Mina went straight from work to the gym, where she spent half an hour on the rowing machine and forty minutes on the cycling machine. She caught other people staring at her once or twice, but that didn't make her feel self-conscious any more. Once, they would have been appalled by her bulk; now she was content to assume that they were amazed at her capacity for exercise.
Regenerating the blood she required to feed Marcian and Szandor was no mere matter of stuffing herself with calories and iron tablets; she had to crank up her retuned metabolism, rebalancing the energy-economy of her physical and spiritual being. Rowing and cycling on the spot now gave her a sense of furious speed and steadfast endurance that was remarkably satisfying - though not as satisfying as lying on the curtained four-poster while Marcian and Szandor sucked their sustenance from her flesh with such obvious appreciation.
On Sunday, she observed to Marcian that it must have been hard for vampires living through times of plague, famine and religious persecution.
"The Black Death was inconvenient," Marcian admitted, "and there's no nourishment in the under-nourished - but civilization has been a great help. Life was much harder before there were cities."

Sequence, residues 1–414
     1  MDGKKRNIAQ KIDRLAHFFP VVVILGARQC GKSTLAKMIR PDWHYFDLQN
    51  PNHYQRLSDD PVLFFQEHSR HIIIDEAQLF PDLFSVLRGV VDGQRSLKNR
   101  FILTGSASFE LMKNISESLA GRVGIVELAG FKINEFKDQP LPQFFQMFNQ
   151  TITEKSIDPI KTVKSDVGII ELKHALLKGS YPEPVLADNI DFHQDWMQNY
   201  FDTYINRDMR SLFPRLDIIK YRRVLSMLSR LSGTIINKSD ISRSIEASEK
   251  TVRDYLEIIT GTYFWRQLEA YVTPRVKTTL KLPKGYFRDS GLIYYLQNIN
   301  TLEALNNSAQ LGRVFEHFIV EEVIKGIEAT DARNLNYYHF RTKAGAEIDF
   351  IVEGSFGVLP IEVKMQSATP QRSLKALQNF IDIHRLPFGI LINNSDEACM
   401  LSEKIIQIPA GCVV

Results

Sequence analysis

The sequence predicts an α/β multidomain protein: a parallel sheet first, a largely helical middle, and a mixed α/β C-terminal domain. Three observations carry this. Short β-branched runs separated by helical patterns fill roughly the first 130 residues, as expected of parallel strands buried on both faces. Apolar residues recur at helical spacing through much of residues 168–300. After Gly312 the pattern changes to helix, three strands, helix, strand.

"You must have very good memories to recall a time when there weren't," Mina suggested, delicately.
"It's more tradition than memory," Marcian admitted. "We make up stories to remind ourselves of the things we're bound to forget. We all feel nostalgic about the good old days before you saps wiped out the Neanderthals, but it's legend-based. Nobody really remembers anything much before the last few hundred years."
"The price of living forever, I suppose," Mina said, pensively. Marcian actually raised his head then, to look her in the eye - as fondly as Szandor, but also a trifle darkly.
"Nobody lives forever, Mina," he said. "We don't age or suffer from disease, but we die eventually: drowned or decapitated, burned or blown up. We survivors know how lucky we are - but things are a lot better nowadays, thanks to people like you. You don't know how grateful we are."
"I know how grateful I am," Mina told him, "and I'm not sure you could be any more grateful than that."
In the early hours of Monday morning Mina stepped on the scales to find that she had broken fifteen-seven for the first time in three years, going in the right direction.
She knew that she couldn't expect to continue to shed weight at more than a pound a day for very long, but she calculated that she could reasonably expect to be below fourteen stone by the end of April and below twelve by the end of June. Come Hallowe'en, she might be the woman of her dreams: not an ounce over nine stone and fit as a flea.